Ironically, the graphical desktop popularized the event-driven model that’s being writ large in the Web services network. Now we need to come full circle. Local event streams need to be open in the same ways as network event streams are and for the same reasons. At the interface between so-called rich Internet apps and the services cloud, this will happen as a matter of course. Browser, Windows, Java, or Flash, a SOAP call is a SOAP call. But the apps and services that live on our own machines use a hodgepodge of protocols and message formats. Moore’s Law says we can soon abandon these binary protocols and proprietary formats. The inexorable logic of service-oriented architecture spells out why we must.
What Jon wants is a Memex. The elements to do it (as Jon describes) are all there – what is needed is for them to be put together to build the “personal knowledge manager”.
Atanu Dey writes about the need to deploy information and communications technologies for India’s domestic usage in its quest for development:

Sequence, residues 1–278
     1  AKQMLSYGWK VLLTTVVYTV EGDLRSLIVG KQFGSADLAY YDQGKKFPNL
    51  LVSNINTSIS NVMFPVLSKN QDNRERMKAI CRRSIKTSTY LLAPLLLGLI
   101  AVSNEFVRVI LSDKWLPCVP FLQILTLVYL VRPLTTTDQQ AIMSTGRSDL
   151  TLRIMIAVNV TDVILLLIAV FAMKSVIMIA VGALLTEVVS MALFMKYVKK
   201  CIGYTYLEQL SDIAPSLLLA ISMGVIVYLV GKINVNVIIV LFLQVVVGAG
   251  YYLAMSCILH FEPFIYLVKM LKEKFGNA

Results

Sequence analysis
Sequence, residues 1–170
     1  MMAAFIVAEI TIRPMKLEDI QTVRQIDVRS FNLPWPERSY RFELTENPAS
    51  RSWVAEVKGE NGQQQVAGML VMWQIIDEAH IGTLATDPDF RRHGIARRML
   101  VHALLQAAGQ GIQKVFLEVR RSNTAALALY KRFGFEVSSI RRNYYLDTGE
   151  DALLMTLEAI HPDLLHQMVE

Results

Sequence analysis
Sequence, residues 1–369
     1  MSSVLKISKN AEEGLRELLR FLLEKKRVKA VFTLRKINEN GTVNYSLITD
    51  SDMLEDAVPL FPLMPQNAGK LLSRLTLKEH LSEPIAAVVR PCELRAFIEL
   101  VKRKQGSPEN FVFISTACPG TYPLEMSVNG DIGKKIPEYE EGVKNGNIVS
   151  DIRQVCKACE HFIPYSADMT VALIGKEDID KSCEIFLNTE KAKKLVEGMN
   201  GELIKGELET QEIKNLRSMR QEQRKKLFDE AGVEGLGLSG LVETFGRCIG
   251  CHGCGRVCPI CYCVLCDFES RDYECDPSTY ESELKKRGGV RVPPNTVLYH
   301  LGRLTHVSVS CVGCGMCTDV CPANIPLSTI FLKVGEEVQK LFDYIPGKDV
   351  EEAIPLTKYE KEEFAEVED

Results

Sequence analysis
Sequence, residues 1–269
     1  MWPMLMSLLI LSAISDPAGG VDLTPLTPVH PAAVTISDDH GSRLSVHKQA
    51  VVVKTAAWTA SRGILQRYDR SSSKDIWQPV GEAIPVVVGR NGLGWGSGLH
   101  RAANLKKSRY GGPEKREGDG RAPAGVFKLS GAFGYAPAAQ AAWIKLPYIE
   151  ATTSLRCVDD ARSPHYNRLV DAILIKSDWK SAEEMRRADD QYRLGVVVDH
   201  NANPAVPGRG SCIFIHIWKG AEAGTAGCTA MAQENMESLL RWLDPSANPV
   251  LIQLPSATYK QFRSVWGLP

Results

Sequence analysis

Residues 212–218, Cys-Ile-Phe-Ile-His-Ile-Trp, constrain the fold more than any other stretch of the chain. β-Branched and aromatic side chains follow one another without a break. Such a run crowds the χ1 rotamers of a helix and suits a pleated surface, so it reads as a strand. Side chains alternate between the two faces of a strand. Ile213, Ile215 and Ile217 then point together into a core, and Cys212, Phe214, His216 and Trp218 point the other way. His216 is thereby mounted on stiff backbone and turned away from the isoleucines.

India has had a reasonable amount of success in the export of ICT products and services. But until IT is used, it is hard to predict what exactly the impact will be. However, it is a reasonable expectation that IT cannot but have a beneficial effect by its use.
Domestic ICT use must be given the attention it deserves because only through broad-based ICT use can the benefits of modern technology be made available to all and bridge the income divide. Domestic use will have important linkages to the supply of human capital required for the export of ICT products and services.
For a large country such as India, domestic demand for ICT products and services can provide the necessary base for sustaining the industry and to shield it from external shocks. Therefore, India must create the institutions that encourage the use of ICT domestically.
I finally got around to seeing the movie yesterday. Liked it (no surprise). I have a soft corner for animation movies, anyways. I was actually surprised at the fast pace of the movie. It has quite a lot of emotion, too. Pixar has done an amazing job in creating a completely new genre of films.
[via Kevin Werbach] Telepocalypse writes about the shift: “The technology to make the end points smart is here today. We might not be able to do reliable wireless VoIP on wide-area networks with the deployed technology of today. There is a usability gap still to be filled, and profit to be made from filling it…The abandonment of the circuit-switched world for all communication that isnt both real-time and two-way is seriously overdue.”